There’s little evidence that the group No Labels, which exists to promote non-partisan policymaking, has ever had any impact on the American political process at any level. Yahoo News reported not long ago that the outfit “spends a disproportionate part of its budget maintaining and promoting its own organization, trying to keep its profile high while ensuring a steady flow of fundraising dollars” from undisclosed donors.
Nevertheless, the group continues to exist, and it recently asked both parties’ presidential candidates to endorse vague goals No Labels considers important: 25 million new jobs over the next 10 years; Social Security and Medicare fiscal stability for the next 75 years; a balanced budget by 2030; and energy security by 2024. Six candidates – Donald Trump, Chris Christie, John Kasich, Rand Paul, Ben Carson, and Martin O’Malley – each endorsed the blueprint, called the “National Strategic Agenda.”
As the Washington Post reported, No Labels’ controversial co-chairman was delighted.
“We had no idea when we started out down this road how many candidates would make the Problem Solver Promise,” said No Labels’s co-chairman and former U.S. senator Joe Lieberman, a longtime Democrat from Connecticut who retired as an independent after losing his party’s primary. “Today, six have! I’m glad we got six. We could have gotten zero.”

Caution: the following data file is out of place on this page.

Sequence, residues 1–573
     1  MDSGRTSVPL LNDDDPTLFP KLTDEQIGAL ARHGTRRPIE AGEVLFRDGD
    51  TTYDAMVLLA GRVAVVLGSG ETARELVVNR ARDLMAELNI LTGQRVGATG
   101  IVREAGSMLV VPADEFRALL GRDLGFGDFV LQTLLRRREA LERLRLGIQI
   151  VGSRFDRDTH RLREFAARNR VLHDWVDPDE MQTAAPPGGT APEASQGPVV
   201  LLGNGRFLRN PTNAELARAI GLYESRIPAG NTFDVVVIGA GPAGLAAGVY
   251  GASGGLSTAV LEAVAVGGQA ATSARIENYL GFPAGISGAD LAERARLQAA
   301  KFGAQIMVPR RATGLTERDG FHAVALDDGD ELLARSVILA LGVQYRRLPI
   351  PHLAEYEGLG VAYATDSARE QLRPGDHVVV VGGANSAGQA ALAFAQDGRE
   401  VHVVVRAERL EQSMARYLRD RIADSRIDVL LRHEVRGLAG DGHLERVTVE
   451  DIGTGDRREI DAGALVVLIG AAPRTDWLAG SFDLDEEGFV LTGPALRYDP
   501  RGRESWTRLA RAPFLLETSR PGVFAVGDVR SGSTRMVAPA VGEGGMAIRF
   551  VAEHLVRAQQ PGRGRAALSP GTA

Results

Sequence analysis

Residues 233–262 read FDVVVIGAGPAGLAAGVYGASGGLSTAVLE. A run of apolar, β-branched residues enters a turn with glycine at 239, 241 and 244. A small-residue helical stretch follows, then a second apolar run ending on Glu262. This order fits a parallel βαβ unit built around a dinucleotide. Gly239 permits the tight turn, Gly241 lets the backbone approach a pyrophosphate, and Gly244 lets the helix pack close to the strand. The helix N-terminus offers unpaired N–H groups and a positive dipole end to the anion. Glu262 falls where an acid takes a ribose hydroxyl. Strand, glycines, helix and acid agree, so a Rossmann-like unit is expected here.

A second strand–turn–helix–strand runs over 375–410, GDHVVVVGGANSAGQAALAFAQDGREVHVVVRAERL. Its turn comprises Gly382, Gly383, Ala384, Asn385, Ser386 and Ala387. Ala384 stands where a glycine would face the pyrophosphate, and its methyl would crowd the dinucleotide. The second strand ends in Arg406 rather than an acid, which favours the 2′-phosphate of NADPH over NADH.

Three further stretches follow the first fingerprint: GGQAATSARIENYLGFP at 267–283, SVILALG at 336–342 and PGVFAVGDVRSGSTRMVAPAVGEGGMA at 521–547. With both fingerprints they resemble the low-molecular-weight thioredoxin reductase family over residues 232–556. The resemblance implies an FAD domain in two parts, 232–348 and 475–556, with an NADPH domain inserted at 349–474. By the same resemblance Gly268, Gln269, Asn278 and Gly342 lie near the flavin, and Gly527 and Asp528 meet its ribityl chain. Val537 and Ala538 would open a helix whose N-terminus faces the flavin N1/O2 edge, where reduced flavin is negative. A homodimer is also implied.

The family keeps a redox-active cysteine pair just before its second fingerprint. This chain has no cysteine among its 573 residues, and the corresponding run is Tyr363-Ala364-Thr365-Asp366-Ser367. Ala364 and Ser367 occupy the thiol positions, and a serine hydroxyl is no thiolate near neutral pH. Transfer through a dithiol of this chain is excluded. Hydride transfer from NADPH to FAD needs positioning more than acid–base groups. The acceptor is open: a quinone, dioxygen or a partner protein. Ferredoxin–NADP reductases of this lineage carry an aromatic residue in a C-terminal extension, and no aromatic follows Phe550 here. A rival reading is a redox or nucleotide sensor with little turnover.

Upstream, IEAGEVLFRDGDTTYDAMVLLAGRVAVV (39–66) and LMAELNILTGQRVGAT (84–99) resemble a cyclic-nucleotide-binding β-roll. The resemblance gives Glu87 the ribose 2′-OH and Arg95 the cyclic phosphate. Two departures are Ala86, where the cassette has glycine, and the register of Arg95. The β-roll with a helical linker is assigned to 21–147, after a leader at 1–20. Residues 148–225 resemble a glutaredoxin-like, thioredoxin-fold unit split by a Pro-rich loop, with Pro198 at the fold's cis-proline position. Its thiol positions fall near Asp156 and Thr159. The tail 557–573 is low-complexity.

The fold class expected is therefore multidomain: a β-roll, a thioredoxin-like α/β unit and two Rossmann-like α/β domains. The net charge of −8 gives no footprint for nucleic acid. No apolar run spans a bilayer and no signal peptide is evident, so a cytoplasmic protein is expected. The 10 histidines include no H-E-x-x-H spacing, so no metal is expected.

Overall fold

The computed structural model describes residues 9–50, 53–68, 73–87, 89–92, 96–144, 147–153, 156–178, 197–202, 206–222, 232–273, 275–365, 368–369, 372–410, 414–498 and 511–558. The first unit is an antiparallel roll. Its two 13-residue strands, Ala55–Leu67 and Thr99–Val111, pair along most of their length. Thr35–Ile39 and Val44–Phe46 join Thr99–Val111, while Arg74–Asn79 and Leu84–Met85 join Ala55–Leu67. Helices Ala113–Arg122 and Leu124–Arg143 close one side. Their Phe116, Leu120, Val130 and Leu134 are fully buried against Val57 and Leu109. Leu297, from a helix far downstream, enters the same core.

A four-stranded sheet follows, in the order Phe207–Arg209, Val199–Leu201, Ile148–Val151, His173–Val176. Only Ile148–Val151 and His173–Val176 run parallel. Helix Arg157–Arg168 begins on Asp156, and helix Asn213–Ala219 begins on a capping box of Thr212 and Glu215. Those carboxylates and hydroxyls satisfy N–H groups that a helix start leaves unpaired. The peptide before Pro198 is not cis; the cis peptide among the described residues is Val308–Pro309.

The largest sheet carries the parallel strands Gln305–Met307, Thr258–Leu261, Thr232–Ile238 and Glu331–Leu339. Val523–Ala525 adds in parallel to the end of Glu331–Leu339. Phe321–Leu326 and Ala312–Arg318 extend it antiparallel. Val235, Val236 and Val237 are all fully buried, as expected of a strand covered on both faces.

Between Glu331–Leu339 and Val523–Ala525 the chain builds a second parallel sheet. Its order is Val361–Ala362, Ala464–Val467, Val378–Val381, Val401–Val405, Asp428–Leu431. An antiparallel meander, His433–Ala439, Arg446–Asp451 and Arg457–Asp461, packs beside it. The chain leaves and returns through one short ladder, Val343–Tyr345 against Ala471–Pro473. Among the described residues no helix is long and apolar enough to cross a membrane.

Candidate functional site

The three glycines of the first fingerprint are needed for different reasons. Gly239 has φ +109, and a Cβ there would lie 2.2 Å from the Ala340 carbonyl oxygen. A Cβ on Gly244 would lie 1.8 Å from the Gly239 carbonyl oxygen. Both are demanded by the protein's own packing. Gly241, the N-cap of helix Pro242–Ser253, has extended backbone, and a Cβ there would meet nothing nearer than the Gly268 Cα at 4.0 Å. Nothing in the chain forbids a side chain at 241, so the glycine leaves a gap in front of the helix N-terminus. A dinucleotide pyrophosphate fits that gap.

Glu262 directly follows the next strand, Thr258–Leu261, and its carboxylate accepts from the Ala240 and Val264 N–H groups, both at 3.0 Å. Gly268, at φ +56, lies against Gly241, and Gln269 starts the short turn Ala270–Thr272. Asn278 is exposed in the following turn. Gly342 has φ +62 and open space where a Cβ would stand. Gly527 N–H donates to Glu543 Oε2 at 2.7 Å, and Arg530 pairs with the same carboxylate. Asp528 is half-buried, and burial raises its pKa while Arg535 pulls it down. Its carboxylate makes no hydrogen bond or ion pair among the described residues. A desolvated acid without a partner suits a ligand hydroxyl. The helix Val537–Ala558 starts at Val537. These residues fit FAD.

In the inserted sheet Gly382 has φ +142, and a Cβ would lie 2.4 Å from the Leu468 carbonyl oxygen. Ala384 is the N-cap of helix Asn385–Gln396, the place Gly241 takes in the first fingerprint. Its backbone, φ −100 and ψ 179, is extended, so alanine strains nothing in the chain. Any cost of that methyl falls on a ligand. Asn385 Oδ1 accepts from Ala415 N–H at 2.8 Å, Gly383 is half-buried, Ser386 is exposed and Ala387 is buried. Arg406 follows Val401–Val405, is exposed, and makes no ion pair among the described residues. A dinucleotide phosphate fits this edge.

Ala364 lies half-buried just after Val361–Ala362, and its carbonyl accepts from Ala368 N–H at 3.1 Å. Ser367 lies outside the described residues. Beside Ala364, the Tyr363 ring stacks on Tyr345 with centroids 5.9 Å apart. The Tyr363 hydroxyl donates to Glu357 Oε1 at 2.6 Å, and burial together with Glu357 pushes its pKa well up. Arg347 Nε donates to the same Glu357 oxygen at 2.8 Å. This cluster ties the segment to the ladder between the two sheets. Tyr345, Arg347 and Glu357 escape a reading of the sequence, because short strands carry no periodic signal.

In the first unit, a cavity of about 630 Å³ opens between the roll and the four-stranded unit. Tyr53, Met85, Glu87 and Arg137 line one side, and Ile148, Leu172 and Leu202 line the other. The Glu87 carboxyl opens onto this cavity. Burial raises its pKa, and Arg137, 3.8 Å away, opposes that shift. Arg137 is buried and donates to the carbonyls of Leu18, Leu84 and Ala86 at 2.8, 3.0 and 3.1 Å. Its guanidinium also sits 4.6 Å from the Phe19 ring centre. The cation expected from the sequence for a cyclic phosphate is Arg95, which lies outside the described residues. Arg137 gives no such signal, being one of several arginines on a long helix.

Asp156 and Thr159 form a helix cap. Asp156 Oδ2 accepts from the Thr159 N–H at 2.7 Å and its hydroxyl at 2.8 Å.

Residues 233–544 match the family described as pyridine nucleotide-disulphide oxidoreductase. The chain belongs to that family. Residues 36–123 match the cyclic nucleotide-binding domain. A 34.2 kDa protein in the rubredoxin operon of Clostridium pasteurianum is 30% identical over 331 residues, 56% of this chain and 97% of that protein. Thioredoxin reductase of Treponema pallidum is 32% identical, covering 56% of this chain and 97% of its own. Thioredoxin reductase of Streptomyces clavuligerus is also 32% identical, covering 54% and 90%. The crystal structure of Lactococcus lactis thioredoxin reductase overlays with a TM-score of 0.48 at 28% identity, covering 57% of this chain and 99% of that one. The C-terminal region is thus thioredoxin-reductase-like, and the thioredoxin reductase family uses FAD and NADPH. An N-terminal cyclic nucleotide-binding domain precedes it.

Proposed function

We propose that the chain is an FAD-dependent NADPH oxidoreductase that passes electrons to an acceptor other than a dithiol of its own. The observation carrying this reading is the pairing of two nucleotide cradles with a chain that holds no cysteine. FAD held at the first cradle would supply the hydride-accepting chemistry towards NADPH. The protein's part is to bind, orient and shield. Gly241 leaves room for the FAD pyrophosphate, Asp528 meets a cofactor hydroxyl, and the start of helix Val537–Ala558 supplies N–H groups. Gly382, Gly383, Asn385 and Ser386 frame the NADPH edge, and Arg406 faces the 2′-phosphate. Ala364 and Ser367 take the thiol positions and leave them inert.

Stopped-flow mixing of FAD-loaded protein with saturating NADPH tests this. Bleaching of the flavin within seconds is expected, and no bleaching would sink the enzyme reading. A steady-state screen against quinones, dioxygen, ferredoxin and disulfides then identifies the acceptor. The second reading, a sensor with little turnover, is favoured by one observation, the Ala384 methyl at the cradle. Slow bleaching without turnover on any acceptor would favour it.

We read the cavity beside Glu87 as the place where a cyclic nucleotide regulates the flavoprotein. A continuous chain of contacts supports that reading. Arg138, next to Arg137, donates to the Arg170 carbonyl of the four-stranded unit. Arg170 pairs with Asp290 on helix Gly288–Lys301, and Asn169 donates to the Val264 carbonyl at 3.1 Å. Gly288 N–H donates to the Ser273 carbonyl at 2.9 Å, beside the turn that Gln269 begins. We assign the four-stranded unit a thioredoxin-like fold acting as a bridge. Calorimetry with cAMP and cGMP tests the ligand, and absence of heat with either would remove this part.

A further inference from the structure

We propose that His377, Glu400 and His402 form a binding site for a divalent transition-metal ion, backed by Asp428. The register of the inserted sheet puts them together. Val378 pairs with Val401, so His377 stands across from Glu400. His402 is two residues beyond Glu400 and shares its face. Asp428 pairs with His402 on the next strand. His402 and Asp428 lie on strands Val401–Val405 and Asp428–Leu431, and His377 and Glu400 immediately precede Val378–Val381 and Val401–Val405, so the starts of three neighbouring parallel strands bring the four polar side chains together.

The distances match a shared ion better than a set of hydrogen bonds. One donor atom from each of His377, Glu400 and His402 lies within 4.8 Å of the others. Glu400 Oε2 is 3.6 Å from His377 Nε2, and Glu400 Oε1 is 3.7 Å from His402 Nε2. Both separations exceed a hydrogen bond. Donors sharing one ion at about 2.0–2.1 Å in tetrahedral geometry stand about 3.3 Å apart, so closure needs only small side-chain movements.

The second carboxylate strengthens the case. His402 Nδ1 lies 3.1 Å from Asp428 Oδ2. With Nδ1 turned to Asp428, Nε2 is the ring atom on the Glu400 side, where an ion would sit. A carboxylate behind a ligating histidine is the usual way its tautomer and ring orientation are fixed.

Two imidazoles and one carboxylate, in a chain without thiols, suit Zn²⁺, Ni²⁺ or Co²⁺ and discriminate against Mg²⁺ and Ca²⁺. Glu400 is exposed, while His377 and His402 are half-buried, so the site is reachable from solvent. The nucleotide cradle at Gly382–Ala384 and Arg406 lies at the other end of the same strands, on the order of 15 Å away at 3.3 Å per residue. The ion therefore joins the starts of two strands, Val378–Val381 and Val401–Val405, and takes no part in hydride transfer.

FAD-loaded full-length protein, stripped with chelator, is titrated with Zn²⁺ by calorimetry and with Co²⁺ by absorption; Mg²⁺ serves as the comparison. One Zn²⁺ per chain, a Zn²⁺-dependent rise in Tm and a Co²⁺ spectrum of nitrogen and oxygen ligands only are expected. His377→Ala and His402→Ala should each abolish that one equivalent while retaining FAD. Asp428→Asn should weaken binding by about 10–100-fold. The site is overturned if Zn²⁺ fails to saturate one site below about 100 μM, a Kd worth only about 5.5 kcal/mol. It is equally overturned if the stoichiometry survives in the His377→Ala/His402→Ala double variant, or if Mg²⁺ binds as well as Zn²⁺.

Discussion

One of the six, however, didn’t seem entirely comfortable with the idea of sharing the “Problem Solver” seal with one of his fellow competitors.
Martin O’Malley, the only Democrats to express support for the No Labels agenda, appeared via video at yesterday’s event, and took the organization to task.
“[Q]uite honestly, I think that you are watering down and dumbing down your ‘problem-solver’ label when you bestow it on someone like Donald Trump. When Donald Trump says things like all Mexicans are rapists and murderers, that’s not being a leader. That’s not solving problems. There’s other adjectives for that – one of them being racist. When Donald Trump says things like we should issue ID cards to all American Muslims, that’s not bringing people together. That’s not solving problems. That’s making a fascist appeal. So I would encourage you not to dumb down this label.”
That seems like good advice.
For more on what makes No Labels such an exasperating entity, check out our coverage from July 2014.